From cold showers to 'Dancing with the Stars,' Mirai Nagasu offers bizarre excuses for poor performance


PYEONGCHANG, South Korea – There was hope for a final flourish from the U.S. women’s figure skaters on Friday. It never came.

The free skate on Friday was a little bit sad and a little bit strange, memorable not for the pinnacle of Olympic performance but rather an aborted triple axel and a comment about “Dancing with the Stars.”

Instead of wowing with their precision and execution, the Americans elicited gasps of concern and then offered a list of reasons why this just wasn’t their Games. Bradie Tennell, while improving her overall standing, still finished 47 points out of first. Karen Chen fell and finished 11th. Mirai Nagasu simply didn’t do her most challenging jump, leaving an X on the screens of people watching on TV.

The 2018 Games overall brought the worst collective performance by the U.S. women in memory.

Afterward, Nagasu offered some comments that may not sit too well with some in the skating community.

“It’s been a long three weeks,” she said. “We got here, we got to walk in the Opening Ceremonies, and I saved the team a bit. With Adam and the Shibutanis [in the team skate], we were about to lose our medals. Today I put my medal in my pocket – here she is – and I said, ‘Mirai, you’ve done your job already, and this is just icing.’ ”

She “saved the team”? The U.S. wasn’t likely to lose the bronze even if she skated less well. The free skate, which is usually the climax of the entire Games, is “icing”? It was quite a contrast from Thursday, when a Canadian hockey player was so upset about her silver medal that she refused to wear it for the postgame ceremony.

Nagasu went on: “We went to the Team USA House on the lunar holiday and it took four hours just to get to the mountain. I also haven’t taken a warm shower. There are a lot of people on Team USA and somehow I keep trying to take a shower when all the hot water is gone. Also I’ve woken up so early.”

These aren’t the usual reasons given by an elite athlete after a disappointing performance.

Mirai Nagasu reacts after her performance in the women’s short program at the Winter Olympics. (Getty)
Mirai Nagasu reacts after her performance in the women’s short program at the Winter Olympics. (Getty)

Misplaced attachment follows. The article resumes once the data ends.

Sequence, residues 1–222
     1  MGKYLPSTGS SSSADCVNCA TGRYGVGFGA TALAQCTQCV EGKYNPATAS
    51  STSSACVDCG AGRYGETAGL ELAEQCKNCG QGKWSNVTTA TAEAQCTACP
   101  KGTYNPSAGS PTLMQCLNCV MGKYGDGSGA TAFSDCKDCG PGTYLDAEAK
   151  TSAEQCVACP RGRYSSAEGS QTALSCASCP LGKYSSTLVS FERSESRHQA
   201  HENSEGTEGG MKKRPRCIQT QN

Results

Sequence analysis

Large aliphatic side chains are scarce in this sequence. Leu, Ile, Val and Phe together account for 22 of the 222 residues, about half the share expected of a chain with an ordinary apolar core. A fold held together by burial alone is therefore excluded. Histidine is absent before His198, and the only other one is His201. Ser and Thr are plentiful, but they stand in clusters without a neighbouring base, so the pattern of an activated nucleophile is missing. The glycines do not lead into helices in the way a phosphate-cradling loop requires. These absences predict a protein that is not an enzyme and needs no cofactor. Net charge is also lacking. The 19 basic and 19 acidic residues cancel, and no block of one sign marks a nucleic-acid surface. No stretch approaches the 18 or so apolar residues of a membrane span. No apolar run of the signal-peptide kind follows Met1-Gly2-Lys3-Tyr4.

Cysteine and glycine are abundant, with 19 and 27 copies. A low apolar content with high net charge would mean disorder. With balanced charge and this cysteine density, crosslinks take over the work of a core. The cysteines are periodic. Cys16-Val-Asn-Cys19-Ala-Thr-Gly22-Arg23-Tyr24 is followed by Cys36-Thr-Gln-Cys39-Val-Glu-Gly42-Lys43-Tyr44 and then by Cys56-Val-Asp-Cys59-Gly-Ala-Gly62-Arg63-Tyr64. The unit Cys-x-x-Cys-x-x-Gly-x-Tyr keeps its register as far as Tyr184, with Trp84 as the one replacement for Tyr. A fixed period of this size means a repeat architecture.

In her defense, the free skate came at the end of a long and tiring fortnight here. All three of the U.S. women said they were exhausted. Nagasu even said, “I want to go home.” Chen said she was used to seeing her mom on a regular basis, and she hurried to say a quick hi before her skate. When speaking about missing her mother in the mixed zone, she started to cry. Tennell also showed a bit of visible sadness when talking about the time away from her mom. This stuff can be overwhelming.

But it wasn’t overwhelming for the Russians, who attacked the free skate with abandon and mostly owned their moment. They were unfazed. The winner of the gold, Alina Zagitova, is 15 years old.

“I definitely think there’s something to be said about Russia mentality,” said two-time Olympian Johnny Weir. “They need to win. They need to be successful in sport. I can’t say they work harder … but Russians fight until the bloody end. It’s rare to find that same sort of mentality in American sports.”

Nagasu tried to stay buoyant, smiling through what must have been a trying day.

“I smiled in the middle of my program,” she said, “which is really rare for me. So I enjoyed myself and I thought of this as my audition for ‘Dancing with the Stars.'”

A reporter followed up on that, asking if she saw it as an audition for a professional career.

“I would like to be on ‘Dancing with the Stars’ because I want to be a star,” she said. “I made history here by landing the first triple axel by a U.S. lady and third at the Olympics and I think that’s a big deal.”

True. But the free skate is also a big deal, and what happens (or doesn’t happen) in the free skate is a big deal.

Chen was also disappointed, though certainly not as preoccupied with stardom.

“I trained myself to skate better than that,” she said, “and not being able to deliver is a huge letdown to myself and everyone who supported me. To be honest I was dealing with quite a bit of things. I was having some boot issues and I had to make some adjustments this morning during practice. I think that just kind of worked its way into my doubt and it just did not end up the way I wanted it to.”

It was her first Olympics, as it was for Tennell. She is only 18, and Tennell is only 20. Still, the Olympics are every four years and most athletes get only one shot. That’s part of the deal. Team USA hockey goalie Maddie Rooney, age 20, stared down Canada’s powerhouse team for three periods, an overtime session and shootouts on Thursday. “Pressure is power,” she said.

Weir pointed again to the Russians, who dominated this event. He said they have a “five-year advantage in the lower levels.”

“The U.S. is still, they’ve gone a little soft at promoting skaters,” Weir said. “While they may deserve it and have the legacy, they’re sending them to big competitions for a little bit too long, where they could be sending the 13-, 14- 15-year-olds like Russia, that can be competitive. I don’t think that’s a problem, I don’t think that’s a mistake. But it you want to be competitive, you have to play the game.”

It’s a matter of perspective. All three American skaters represented their country well, and worked very hard under difficult circumstances. They just didn’t excel the way American women have in the past – at least on the scoreboard.

“I didn’t back down,” said Nagasu, “and although I got zero points for my attempt of the triple axel, in my mind I went for it.”

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